When Augustine of Hippo was beatified he was not yet known as the father of the memoir. His contributions to the modern Church led to his sainthood, while his decision to title his book about his early life Confessions has led to our present-day glut of tell-all non-fiction. Because of St. Augustine, the generic requirements of the memoir are a descent into chaos or dissolution followed by an epiphany that leads to life being turned around and righted. Sometimes the protagonist triumphs over adversity, sometimes over his or her own self-created demons. Either way, the progression is time and again toward a happy ending.

What to do, though, if one is a serial memoirist? How many conversions can one have in one's life, after all? Augusten Burroughs solves this problem by going over the same material over and over again, hacking away at it from slightly different angles. So does Mary Knarr. Elizabeth Wurtzel solves the dilemma by developing various addictions and psychological problems. Another option is to come up with a gimmick and then write about the ways that gimmick changed one's life: have zero environmental impact for a year and write about it, live strictly according to the Bible for a year and write about it, etc.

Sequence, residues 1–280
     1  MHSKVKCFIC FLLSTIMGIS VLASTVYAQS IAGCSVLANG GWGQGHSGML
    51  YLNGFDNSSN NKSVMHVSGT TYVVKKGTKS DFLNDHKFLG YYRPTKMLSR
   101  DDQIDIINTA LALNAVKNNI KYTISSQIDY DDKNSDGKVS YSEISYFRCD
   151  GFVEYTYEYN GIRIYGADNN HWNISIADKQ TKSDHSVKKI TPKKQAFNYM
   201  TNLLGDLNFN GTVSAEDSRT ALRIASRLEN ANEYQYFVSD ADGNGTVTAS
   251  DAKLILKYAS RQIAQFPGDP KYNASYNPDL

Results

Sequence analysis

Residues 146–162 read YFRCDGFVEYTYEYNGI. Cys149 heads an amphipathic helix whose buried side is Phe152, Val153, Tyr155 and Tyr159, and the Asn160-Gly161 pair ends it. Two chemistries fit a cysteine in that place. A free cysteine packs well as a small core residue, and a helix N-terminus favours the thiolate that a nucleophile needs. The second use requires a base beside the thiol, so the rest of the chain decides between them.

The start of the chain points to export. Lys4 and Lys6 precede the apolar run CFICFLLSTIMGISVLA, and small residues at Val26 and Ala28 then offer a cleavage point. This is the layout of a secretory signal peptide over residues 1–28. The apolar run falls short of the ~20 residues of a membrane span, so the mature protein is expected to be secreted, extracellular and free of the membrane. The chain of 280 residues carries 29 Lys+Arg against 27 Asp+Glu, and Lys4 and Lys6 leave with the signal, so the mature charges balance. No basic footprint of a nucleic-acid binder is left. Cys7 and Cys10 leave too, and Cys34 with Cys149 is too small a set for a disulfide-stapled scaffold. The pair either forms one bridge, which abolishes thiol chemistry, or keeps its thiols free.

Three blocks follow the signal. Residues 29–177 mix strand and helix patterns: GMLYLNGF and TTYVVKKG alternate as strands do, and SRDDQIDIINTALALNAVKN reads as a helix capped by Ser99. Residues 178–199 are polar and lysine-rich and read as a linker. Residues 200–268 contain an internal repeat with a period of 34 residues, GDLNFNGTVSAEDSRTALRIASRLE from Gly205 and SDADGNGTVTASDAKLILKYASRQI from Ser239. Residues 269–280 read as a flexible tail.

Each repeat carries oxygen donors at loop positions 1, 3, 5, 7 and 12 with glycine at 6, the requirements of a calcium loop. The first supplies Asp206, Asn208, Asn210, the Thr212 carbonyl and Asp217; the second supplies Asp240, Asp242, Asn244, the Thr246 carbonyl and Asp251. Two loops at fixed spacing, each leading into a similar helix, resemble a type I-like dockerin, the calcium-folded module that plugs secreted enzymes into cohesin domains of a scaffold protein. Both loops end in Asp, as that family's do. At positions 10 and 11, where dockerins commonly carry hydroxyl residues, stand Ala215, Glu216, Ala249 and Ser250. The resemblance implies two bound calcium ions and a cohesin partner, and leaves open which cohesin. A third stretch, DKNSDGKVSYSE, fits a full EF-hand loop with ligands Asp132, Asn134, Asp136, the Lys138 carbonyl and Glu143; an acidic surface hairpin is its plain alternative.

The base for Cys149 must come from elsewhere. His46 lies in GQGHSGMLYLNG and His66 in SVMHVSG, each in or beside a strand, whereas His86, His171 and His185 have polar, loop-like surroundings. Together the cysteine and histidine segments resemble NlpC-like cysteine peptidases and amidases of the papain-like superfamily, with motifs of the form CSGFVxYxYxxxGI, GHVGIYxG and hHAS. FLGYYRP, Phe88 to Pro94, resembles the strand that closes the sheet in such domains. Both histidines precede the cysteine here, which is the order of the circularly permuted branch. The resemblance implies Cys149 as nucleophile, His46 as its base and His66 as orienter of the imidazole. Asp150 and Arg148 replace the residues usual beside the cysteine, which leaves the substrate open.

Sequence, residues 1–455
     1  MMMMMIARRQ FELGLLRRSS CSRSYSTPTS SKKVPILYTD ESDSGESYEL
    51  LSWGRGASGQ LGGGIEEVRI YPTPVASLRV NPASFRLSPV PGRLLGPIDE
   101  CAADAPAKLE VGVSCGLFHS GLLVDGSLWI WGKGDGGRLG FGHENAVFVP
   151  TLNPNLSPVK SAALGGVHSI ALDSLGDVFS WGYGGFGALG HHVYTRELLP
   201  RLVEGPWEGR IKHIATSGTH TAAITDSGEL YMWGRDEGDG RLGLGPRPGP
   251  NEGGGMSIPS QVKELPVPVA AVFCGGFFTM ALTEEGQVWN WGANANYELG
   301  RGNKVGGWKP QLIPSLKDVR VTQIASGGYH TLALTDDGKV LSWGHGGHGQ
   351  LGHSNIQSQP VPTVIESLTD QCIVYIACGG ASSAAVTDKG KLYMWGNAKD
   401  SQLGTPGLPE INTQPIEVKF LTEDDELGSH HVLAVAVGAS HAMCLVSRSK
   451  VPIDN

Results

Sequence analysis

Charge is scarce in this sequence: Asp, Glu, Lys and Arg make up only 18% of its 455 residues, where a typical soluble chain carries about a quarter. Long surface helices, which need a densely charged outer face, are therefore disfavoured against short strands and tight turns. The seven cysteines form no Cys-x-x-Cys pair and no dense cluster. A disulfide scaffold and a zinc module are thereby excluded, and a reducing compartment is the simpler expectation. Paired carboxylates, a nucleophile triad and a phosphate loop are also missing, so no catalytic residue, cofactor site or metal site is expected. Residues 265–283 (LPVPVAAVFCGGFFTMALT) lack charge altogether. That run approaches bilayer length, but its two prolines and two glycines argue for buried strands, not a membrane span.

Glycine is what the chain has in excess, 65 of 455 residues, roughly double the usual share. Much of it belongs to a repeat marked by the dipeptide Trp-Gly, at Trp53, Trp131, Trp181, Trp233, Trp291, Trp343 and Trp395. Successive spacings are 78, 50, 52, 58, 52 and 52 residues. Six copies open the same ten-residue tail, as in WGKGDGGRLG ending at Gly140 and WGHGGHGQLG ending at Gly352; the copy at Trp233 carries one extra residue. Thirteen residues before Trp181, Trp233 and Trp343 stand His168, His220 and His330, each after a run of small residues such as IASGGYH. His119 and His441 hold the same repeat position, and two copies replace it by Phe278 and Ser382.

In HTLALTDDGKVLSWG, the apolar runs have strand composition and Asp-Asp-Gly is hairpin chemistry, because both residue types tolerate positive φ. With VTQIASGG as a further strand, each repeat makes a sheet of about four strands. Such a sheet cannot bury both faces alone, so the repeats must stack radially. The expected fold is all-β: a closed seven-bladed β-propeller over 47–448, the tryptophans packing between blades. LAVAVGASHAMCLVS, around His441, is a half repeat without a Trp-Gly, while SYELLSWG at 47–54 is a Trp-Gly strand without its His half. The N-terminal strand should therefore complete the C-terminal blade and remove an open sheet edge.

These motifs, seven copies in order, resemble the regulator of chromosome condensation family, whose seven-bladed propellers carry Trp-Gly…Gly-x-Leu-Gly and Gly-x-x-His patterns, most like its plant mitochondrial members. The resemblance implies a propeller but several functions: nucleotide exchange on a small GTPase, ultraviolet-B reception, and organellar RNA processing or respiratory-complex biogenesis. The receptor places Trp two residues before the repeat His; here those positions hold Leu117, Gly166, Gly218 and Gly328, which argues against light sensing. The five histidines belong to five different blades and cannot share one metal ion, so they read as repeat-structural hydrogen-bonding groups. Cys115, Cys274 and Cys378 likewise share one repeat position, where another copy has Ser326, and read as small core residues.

Once upon a time, a woman droned in a cubicle in lower Manhattan feeling bored and adrift. She like to cook, though, and had heard of this new thing called blogging, so she decided to spend a year cooking every recipe in Mastering the Art of French Cooking and writing about it, and about her life. The end result was first a popular blog, then an entertaining book, then a movie starring Merryl Streep, and finally a book contract for more memoirs. Cleaving, Julia Powell's new work, is the result of the new career engendered by the success of her blogging experiment.